Matchups Vs. Turnovers: How To Make Your Own Fantasy Football Defense Rankings

Andrew NortonCorrespondent IIINovember 13, 2010

OAKLAND, CA - OCTOBER 31:  The Oakland Raiders defense tackles Leon Washington #33 of the Seattle Seahawks at Oakland-Alameda County Coliseum on October 31, 2010 in Oakland, California.  (Photo by Ezra Shaw/Getty Images)
Ezra Shaw/Getty Images

I know I’m not the first to use this strategy. But I'm the author of an ego-inflating self-aggrandizing fantasy blog...So I will write about it like it is the most groundbreaking idea in Fantasy Football since PPR. I am a visionary.

I’m in four leagues; this is mostly due to my lack of a social life and inability to fall asleep before 4 a.m.

I’ve never been much into video games, so I instead opt to spend my time gambling on how successfully large men will perform their jobs one week at a time. I first employed the shuffling defense strategy (SDS) three years ago in one of my leagues.

The results were less than spectacular, but I knew I was on to something. Since becoming far nerdier in my interpretation of football statistics, the outcome of SDS has improved drastically and I have adopted it into three of my current leagues.

The premise is simple.

  • You are in a 10-team league, therefore there are nine starting defenses (excluding your own).
  • There are inevitably at least three pathetic excuses for owners who hold more than one defense; meaning 12 NFL teams are off the board, leaving 20 in Free Agency.
  • Any given year, there are at least 10 teams, usually up to 15, with offenses that are suspect at best.
  • Meaning that in all likelihood, it is safe to assume that an unowned FA defense will be playing against a team with a questionable offense.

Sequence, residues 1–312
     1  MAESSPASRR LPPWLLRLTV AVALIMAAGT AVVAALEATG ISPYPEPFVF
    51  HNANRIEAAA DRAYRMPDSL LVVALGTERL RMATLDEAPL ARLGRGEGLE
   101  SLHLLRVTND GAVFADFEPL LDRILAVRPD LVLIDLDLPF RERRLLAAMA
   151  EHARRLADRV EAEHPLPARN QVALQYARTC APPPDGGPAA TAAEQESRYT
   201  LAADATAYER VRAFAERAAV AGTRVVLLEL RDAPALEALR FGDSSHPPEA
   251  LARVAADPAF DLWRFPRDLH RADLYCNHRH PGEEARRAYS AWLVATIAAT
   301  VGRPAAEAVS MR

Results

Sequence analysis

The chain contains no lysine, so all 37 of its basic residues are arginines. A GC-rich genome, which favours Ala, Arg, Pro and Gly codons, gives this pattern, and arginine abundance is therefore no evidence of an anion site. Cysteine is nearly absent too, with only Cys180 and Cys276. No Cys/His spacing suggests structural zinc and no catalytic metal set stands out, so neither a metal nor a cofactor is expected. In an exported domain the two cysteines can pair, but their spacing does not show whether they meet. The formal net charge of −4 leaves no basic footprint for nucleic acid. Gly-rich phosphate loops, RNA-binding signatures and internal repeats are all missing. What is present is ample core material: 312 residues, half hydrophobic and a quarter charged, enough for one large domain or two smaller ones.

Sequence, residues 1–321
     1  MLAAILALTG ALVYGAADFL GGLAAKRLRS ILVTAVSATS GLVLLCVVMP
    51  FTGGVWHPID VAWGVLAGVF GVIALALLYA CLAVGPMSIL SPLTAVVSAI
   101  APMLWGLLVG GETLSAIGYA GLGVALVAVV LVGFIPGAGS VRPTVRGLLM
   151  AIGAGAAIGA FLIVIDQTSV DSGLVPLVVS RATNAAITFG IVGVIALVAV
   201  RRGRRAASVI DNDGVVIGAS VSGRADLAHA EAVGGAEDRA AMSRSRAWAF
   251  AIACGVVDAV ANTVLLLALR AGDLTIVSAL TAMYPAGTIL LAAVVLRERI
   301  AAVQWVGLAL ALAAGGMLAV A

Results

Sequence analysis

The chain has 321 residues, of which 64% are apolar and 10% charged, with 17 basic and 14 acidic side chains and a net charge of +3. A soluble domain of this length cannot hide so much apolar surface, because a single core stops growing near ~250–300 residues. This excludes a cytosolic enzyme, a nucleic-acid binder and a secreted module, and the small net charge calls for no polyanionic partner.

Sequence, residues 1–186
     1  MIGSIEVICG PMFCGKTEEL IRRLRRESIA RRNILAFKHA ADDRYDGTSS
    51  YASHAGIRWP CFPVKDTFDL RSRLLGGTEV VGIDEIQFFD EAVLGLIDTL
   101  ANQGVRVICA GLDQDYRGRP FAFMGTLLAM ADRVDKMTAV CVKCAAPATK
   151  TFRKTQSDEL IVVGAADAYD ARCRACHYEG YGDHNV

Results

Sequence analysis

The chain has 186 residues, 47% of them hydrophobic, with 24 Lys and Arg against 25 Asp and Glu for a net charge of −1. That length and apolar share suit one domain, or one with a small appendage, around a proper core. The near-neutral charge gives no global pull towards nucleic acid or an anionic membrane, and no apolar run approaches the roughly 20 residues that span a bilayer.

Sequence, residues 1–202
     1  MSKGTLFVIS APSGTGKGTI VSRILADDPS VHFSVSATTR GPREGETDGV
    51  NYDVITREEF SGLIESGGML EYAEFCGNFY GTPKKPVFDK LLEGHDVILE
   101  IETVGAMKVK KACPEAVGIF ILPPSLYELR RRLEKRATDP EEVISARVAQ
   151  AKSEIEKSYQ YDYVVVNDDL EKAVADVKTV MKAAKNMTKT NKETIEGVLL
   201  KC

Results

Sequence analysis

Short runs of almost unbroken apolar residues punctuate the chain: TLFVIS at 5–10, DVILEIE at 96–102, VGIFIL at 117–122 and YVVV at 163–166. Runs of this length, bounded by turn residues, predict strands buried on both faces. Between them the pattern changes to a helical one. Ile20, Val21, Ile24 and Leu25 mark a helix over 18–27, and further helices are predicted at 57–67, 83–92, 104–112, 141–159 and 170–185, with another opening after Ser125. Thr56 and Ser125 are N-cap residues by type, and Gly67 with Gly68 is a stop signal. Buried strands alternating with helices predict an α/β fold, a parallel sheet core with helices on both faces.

The conventional defensive strategy is to draft a defense that you think will succeed all year long.

Fantasy owners rarely shop around for a defense, because it is not a large point contributor like QB, RB, or WR. Their defense will likely sit dormant on their roster until bye week, when they grab a one-week filler.

Last season, the top 12 defenses averaged 139 points over the span of 16 games, 8.7 points per game.

By accurately using the SDS, you can potentially double the points per game. For example, in Week 1, Seattle, Arizona, Detroit, Washington and Carolina (2, 29, 2, 7, 13 % owned, respectively) were in the top seven-point scoring defenses, each scoring over 12 points.

Week 2 saw Miami, San Diego, Indy, Cincinnati, Atlanta and Kansas City (all under 50 percent owned) scoring over 12 points. The common theme among these top-scoring defenses is their opponent.

Using SDS gives you the opportunity to bump your defensive Points Per Game from 8 to 13+ by simply doing a little research and finding the best matchup sitting unused in Free Agency.

With a little practice, and expert advice from the greatest fantasy football blog on the planet, you can increase your weekly score by five points. It’s that easy. Also, you're welcome.

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